Atlantic County Superior Court Judge Julio Mendez ruled Monday that the Casino Reinvestment Development Authority can force Charles Birnbaum to sell his Oriental Avenue property for a fair market price.

“We’re pleased that the court upheld CRDA’s power to take property when necessary,” said Stuart Lederman, an attorney with New Jersey-based Riker Danzig, which represented the organization. “This will allow CRDA to continue its mission to revitalize Atlantic City. The court recognized that the promotion of tourism in the Tourism Act is a valid public purpose.”

However, the ruling doesn’t mean the piano-tuner’s long-time family home will be immediately sold. Dan Alban, an attorney representing Birnbaum, said the ruling will be appealed.

“I look at this as a huge part of my history,” Birnbaum said. “To see it this close to coming to an end, it really hurts. Maybe fresh eyes can take a look and perhaps see the merits of our case.”

The property, located at 311 Oriental Ave., is part of Atlantic City’s Tourism District, created by the legislature in 2011 to promote local tourism and help the gaming industry.

The CRDA argued the act allows it to use eminent domain to claim properties within the district’s boundaries. The CRDA says it will use Birnbaum’s property for the South Inlet Mixed Use Redevelopment Project, which it put aside $8.6 million for in 2012.

“Because CRDA is acting pursuant to this direct legislative mandate,” the CRDA argued in a brief, Birnbaum’s property would be taken for “a valid public purpose.”

In his ruling, Mendez agreed. He found that the Tourism District Act “establishes an abundantly appropriate public purpose that passes both Federal and State constitutional muster,” and that the CRDA “is duly authorized to exercise the power of eminent domain for the taking of the Birnbaum property.”

“We’re obviously very disappointed by the ruling. We think the court got it wrong, and we think the court will be reversed on appeal,” said Alban, an attorney at the Virginia-based Institute for Justice, which represented Birnbaum.

Birnbaum’s attorneys focused on the fact that the CRDA has not identified a specific use for the property.

Robert McNamara, another Institute for Justice attorney, had argued that, without an established plan, the CRDA couldn’t prove it would use the land for the public good. It was just as likely, he said, that it would be used for private gain.

McNamara claimed a ruling in favor of the CRDA would allow the organization to “take any piece of property in Atlantic City for absolutely any reason.”

Lederman, the CRDA attorney, countered that the agency couldn’t present specific proposals until it firmly established what land it had to work with. CRDA officials declined to comment Monday evening.

In his ruling, Mendez sided with the CRDA. The organization's plans, he reasoned, when taken in their totality, provide “a sufficient level of specificity for the public use of the Birnbaum property and are consistent with the statutory mandates in the Tourism District Act and the public purpose of promoting tourism and assisting the ailing gaming industry.”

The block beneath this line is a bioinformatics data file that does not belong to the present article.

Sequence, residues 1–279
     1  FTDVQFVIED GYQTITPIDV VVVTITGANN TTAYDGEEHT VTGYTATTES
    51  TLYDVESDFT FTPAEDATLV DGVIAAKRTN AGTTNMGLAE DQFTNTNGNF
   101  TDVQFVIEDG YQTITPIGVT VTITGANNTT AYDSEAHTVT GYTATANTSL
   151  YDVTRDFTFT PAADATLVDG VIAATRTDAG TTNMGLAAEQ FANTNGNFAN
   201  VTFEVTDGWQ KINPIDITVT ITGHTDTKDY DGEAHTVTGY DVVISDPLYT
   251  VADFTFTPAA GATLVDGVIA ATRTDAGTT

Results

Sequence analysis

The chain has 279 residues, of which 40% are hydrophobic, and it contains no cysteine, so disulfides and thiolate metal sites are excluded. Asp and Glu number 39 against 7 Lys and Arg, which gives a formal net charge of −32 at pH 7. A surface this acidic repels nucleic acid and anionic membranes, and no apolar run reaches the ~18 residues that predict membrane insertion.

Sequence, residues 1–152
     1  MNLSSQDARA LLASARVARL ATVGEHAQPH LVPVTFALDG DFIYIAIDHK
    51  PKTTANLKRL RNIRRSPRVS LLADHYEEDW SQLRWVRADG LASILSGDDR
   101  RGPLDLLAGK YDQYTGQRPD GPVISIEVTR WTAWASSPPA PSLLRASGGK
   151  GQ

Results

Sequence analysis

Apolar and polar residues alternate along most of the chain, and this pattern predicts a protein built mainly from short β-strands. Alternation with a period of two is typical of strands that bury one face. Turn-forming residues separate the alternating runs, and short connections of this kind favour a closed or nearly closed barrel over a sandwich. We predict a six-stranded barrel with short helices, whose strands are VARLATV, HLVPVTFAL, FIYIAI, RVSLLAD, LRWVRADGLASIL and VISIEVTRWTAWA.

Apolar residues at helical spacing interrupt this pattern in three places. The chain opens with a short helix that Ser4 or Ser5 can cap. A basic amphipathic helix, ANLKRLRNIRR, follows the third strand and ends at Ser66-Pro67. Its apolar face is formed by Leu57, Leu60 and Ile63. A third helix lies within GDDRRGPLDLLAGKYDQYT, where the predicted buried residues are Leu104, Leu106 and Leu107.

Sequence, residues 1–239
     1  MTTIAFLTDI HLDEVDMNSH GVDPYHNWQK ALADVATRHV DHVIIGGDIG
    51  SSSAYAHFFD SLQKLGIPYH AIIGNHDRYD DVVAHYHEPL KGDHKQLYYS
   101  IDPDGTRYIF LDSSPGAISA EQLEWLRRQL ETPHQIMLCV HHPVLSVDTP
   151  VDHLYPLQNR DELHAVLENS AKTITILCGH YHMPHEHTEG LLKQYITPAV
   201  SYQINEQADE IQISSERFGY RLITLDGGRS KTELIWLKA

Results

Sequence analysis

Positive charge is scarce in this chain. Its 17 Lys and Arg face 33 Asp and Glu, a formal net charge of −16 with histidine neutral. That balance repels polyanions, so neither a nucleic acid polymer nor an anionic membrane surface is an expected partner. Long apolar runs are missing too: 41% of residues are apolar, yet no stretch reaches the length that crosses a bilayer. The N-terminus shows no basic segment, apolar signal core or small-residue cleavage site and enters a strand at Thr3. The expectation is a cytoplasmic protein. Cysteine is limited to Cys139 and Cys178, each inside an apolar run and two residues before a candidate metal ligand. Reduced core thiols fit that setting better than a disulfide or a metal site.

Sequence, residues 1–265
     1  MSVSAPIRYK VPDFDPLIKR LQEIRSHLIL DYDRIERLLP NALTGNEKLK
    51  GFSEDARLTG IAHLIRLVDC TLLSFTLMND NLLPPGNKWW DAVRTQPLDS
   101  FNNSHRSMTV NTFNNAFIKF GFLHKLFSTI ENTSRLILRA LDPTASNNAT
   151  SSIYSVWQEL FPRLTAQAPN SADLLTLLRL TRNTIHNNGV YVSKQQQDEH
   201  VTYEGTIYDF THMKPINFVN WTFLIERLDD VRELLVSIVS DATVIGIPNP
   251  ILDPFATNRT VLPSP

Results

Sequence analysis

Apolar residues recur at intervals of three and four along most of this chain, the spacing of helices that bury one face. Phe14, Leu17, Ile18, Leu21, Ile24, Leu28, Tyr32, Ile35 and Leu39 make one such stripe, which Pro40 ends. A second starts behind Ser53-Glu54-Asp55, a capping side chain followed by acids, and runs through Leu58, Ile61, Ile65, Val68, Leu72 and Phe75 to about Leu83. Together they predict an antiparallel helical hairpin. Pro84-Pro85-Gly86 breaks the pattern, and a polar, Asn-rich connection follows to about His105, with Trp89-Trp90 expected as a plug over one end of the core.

However, Mendez also wrote that “the CRDA acknowledges that they have not identified the specific structure that will be placed on the subject property.” Alban said that finding contradicted Mendez’s other assertions regarding specificity.

“I think it’s a very puzzling conclusion,” he said. “It’s simply not a public use until you identify some specific use for the property.”

The case also explored whether the state could use eminent domain to seize well-maintained properties, like Birnbaum’s, which had not been found by a court to be “blighted.”

Birnbaum’s attorneys argued New Jersey Supreme Court precedent established that only blighted properties could be forcibly taken for use in economic development projects.

But Mendez agreed with the CRDA’s argument that the precedent cited didn’t apply. The property was not being taken “for blight remediation or for purposes of economic redevelopment,” he wrote.

“The Atlantic City Tourism District, as the name suggests, is about promoting tourism and promoting the ailing gaming industry,” he wrote. “The Tourism District Act has nothing directly to do with a plan to redevelop a stagnant and depressed area that is devastating an older city.”

Alban said Mendez had ignored the core legal issues raised by the case.

“The opinion seems to neglect to consider the Constitutional limitations on what the CRDA can do, and instead only looks at statutory authority,” he said. “The Constitution trumps statutes, and the legislature can’t give the CRDA any more power than the Constitution allows.”

Birnbaum’s family purchased the house in 1969. His mother, Dora, survived the Holocaust, but was murdered there along with her caretaker, Beatrice Cabarrus, during a 1998 robbery. That development, however, failed to shake Birnbaum’s commitment to the property. He still runs his piano tuning business out of the first floor, and rents the top two floors to tenants.

Birnbaum has already rejected an offer from the CRDA of $238,500 for the property.

Contact John V. Santore:

609-272-7251

 

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